Reach one arm over your head and let it lie on the floor above you, then follow with the other. If you have trouble getting your arm flat on the floor, use folded towels to prop them at a comfortable level. Reach your right hand up, as if climbing a ladder. Then release your ribs as you stretch and reach up for the ladder with the right hand. Breathe and allow your body to relax with the stretch. Reach up and release ten times on each side, alternating right and left. Then slide your arms down to your sides, stretching out toward the sides all the while. When your hands are by your sides turn your palms facing down. Rest your arms at your sides for a moment. Reach your right hand down toward your right foot, sliding your palm by the side of your leg along the floor, allowing your head to gently roll to the right as your body gently curves to the right. Reach down as far as feels comfortable for you and hold to a count of ten. Breathe into the left side of your chest and rib cage, feeling the expansion on the left side as you inhale. Bring your right hand back to the starting point and repeat on the left side. Allow yourself plenty of time and reach down ten times on each side, alternating right and left. Remember to allow your head to roll and your neck to be soft and flexible with your movements. Take a moment to notice any changes in your breathing and see if your chest is more relaxed.
Now it is time to incorporate your legs. Position your legs so your kneecaps are pointing toward the ceiling, and your toes are pointing straight up. Gently step down with the heel of your right foot, sliding your heel on the floor away from your buttocks, bringing your toes headward, straightening and lengthening your leg, making it long, long, longer. Breathe as you step down toward the far wall. Hold for five seconds. Release and straighten your left leg, stepping down with your left heel as you gain length, allowing your lower back to release to allow you even more length in your leg. Hold to the count of ten. Once again, step down ten times with each leg, alternating right to left, rocking through your pelvis as one hip goes up and the other down, a natural movement that comes with the stretch.
Notice as you slowly move: is there a place that is hindering my movement? If so, you can locate that spot, and if it is within reach, stop your movement and gently massage the area for a few seconds with you hands or fingers. You can massage those harder-to-reach places by placing a tennis ball between the spot and the floor and gently releasing the tissues as you lie on the ball. Then continue with your movements.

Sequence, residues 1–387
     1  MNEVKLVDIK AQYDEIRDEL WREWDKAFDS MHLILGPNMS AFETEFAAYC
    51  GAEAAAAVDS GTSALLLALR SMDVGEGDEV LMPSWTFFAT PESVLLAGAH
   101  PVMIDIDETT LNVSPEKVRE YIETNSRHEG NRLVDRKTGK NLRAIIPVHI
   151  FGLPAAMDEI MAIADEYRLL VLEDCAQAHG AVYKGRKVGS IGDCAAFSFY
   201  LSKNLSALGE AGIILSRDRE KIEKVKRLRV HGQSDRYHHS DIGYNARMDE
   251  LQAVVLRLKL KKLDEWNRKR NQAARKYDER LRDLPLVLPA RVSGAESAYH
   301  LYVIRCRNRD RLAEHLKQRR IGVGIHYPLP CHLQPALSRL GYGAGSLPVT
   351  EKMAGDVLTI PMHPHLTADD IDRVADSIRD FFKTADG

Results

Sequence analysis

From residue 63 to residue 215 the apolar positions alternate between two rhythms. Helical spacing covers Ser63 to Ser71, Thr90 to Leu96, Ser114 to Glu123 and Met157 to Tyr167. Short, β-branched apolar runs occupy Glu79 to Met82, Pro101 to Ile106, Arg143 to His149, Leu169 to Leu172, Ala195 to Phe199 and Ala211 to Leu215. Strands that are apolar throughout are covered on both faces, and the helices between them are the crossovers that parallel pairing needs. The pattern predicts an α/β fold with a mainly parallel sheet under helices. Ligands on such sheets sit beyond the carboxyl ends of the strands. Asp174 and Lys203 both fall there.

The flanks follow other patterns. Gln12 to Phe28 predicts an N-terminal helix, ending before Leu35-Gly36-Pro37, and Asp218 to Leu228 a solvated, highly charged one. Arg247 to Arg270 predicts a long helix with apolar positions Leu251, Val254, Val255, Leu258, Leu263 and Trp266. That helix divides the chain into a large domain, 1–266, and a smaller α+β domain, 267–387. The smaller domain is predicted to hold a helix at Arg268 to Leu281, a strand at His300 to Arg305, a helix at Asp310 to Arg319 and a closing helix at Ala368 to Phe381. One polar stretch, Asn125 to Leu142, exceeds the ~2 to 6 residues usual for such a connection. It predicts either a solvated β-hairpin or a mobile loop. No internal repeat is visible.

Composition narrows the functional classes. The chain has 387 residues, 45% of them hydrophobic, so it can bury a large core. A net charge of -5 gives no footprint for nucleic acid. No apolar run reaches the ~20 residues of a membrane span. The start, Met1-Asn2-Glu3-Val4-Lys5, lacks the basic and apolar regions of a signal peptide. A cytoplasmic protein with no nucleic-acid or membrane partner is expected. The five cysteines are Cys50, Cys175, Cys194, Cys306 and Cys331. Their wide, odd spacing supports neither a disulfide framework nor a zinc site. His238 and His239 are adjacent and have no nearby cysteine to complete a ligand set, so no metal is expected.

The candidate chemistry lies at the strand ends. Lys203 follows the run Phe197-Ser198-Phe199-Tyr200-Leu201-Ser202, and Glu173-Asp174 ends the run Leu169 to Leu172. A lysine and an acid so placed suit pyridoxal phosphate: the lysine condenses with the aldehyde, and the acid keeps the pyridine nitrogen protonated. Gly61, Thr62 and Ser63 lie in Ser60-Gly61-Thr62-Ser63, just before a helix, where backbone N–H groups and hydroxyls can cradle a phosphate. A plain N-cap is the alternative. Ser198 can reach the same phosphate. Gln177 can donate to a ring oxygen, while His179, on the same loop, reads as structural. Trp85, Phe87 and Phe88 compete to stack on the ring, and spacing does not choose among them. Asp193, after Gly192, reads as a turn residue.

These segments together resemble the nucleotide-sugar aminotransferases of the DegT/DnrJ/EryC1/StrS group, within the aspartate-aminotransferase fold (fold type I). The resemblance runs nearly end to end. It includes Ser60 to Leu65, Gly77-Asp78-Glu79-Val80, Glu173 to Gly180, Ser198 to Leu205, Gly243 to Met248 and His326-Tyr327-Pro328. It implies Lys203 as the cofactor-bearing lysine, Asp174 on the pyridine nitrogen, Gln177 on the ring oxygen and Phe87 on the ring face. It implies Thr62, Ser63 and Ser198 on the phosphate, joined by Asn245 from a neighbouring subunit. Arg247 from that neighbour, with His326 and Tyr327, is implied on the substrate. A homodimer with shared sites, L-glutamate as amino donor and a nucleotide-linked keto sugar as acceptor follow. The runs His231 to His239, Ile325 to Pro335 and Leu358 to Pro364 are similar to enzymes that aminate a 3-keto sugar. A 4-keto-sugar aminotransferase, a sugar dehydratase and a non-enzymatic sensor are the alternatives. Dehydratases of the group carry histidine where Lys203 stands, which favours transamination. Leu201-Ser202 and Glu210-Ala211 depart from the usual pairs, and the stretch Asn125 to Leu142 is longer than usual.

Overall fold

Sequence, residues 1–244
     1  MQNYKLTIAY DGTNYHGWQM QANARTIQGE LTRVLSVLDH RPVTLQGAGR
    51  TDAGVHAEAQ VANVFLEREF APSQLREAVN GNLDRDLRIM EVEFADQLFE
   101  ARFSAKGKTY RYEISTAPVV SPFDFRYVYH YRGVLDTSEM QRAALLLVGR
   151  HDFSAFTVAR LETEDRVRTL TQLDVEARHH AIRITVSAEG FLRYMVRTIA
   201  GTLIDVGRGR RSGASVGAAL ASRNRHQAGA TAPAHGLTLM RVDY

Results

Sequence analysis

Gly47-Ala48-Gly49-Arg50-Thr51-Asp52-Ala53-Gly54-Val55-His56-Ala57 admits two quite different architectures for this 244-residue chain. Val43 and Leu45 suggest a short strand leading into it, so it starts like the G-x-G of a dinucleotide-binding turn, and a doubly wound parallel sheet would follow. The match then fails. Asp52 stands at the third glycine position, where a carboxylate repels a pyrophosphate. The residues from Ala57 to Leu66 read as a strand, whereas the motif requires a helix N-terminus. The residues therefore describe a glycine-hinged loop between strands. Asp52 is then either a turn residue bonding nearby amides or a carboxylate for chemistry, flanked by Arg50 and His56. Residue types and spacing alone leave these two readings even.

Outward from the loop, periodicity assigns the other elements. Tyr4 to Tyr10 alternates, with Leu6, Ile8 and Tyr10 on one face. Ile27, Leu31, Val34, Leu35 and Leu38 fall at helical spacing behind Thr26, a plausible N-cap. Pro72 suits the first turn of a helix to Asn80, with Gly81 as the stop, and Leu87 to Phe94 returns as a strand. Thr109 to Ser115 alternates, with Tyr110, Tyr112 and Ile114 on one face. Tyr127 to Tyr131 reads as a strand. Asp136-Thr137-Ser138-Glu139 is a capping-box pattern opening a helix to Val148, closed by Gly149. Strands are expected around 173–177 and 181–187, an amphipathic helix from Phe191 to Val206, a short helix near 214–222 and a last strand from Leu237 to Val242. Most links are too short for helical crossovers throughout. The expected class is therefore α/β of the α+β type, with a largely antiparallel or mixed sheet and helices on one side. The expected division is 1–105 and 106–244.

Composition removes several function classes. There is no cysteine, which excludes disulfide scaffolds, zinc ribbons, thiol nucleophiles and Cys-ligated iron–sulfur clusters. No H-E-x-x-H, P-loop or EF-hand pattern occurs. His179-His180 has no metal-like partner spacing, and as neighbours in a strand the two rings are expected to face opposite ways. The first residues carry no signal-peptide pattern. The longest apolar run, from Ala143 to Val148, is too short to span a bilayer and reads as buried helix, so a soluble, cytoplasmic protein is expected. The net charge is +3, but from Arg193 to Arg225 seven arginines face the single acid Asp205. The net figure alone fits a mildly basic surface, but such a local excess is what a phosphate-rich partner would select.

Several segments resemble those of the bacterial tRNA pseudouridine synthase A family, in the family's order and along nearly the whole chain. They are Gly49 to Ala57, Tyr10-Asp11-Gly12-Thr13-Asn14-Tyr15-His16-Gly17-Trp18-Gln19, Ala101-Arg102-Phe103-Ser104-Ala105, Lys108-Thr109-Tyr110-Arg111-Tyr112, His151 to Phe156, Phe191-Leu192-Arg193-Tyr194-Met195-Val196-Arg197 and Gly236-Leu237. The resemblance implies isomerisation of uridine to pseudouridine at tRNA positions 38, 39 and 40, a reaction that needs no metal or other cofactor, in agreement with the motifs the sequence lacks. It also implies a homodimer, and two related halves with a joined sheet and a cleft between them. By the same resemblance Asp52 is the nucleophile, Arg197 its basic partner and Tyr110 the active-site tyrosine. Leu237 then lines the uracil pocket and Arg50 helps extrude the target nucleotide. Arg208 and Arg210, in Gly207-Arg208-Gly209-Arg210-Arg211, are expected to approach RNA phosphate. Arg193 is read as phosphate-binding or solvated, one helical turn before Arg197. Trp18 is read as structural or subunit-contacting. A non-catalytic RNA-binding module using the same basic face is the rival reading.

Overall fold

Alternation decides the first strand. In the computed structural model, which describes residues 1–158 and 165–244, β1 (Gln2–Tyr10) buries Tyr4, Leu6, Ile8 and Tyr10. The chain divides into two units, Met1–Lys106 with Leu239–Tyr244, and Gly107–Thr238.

Are you ready to put it all together? Once again, place your arms above your head, one at a time, resting them on the floor. Time for a little coordination. Give yourself time to practice this and be patient. Breathe. Reach up for the rung of the ladder with your right hand, lengthening your arm, and step down with your right heel, lengthening your leg at the same time. Feel your ribs open on the right side and your chest fill with healing breath as you stretch upward and downward. Allow your head to roll in the direction that feels natural for it. Release after five seconds and as you release the right side, reach up and down with the left hand and heel. Breathe. Are your hips going up and down, your shoulders rocking on your spine? What in the world is going on here? You are rocking and rolling!! Continue this healthy stretch for as long as it feels good to you.
Roll over on your side and push yourself up to a sitting position. Retrieve your towel and place it lengthwise next to you . You will need to get back to the floor, lowering yourself onto the towel, so the towel runs the length of your spine, on your spine, from the bottom of the curve in your neck to your tailbone. Allow yourself time to adjust to the towels presence. Your breath is the tool you use to relax, allowing the tissues of your spine to relax over the towel with each exhale.